Aside from being a rather adorable concept, it’s actually a very well written scenario with a lot of variety. There’s combat (GI Joe guns are deadly to toys!) and also recruitment of other toys and the need to accomplish strategic objectives. And it even takes advantage of some of the Savage Worlds subsystems by including a chase and a Mass Battle showdown underneath the Christmas tree. There’s also a note that 1 game inch represents 1 real world inch in this scenario, so you could even use your own toys to travel around your house instead of using a battle mat!
Although this would be a lot of fun with adults, I have to say I really wish that I had a group of little kids to play this with, probably using a simplified version of Savage Worlds. It’s really a brilliant scenario and of all the ones on this list is probably my favorite.
So that’s four great Christmas scenarios to add some holiday cheer to your gaming. Are there any others out there that I don’t know about?
Welcome back! This is part two of my review of Savage Worlds Deluxe. You can read part one here.
I said in my first review that Savage Worlds Deluxe was truly a deluxe version because it featured a number of supplemental rules. The biggest addition is a number of new subsystems. I’d like to go into a bit more detail about each of them:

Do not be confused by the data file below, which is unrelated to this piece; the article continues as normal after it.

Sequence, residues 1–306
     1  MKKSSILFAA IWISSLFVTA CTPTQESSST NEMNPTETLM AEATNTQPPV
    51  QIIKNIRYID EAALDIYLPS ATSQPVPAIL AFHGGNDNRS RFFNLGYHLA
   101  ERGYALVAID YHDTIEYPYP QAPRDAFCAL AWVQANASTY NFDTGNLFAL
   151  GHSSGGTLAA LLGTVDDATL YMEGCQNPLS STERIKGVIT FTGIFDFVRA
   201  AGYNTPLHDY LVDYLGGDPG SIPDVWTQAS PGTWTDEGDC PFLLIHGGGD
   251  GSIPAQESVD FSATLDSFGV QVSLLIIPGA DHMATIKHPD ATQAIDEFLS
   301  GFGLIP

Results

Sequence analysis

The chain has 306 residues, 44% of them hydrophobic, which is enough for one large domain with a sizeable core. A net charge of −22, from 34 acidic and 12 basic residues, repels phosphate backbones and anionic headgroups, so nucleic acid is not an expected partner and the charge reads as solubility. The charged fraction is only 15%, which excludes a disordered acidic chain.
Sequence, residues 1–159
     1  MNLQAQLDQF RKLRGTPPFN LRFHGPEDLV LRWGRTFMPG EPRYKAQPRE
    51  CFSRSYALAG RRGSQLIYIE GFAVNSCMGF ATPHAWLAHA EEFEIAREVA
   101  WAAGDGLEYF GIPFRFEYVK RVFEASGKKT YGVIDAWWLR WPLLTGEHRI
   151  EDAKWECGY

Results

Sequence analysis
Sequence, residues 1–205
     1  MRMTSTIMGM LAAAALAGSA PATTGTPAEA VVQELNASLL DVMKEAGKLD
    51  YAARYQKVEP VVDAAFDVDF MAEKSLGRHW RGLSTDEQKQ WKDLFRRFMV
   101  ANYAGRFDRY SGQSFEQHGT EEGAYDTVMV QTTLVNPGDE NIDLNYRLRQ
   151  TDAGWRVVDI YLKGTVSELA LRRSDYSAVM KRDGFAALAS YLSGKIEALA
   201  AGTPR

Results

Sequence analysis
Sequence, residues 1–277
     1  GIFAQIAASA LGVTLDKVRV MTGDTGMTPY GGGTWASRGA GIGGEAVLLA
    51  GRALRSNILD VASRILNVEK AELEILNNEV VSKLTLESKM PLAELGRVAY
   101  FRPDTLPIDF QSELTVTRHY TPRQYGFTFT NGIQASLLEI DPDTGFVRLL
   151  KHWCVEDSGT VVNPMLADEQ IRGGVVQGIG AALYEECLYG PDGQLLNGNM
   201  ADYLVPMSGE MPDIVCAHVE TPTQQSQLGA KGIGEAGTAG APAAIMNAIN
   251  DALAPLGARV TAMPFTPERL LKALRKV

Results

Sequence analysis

Actually, this is an old system, but it’s gotten a complete overhaul. Rather than tracking distances in a chase, each round players are dealt multiple cards that tell them the relative distance of how far away they are from their target and if ranged or melee attacks are possible. It’s a really abstract system that takes getting used to, but it’s fast and works well for chases in situations like a crowded city with lots of traffic, where the participants are dodging in and out of shops and climbing on rooftops.
I think that the chase rules in Explorer’s Edition did a lot better with a more traditional chases, like pursuing a rider on horseback on the open plains, and it would be somewhat unsatisfying to do such a chase with this new system. But there’s no reason that both can’t be used if you identify which is more appropriate for your situation. By the way, Pinnacle has released a PDF of the new chase rules for free here.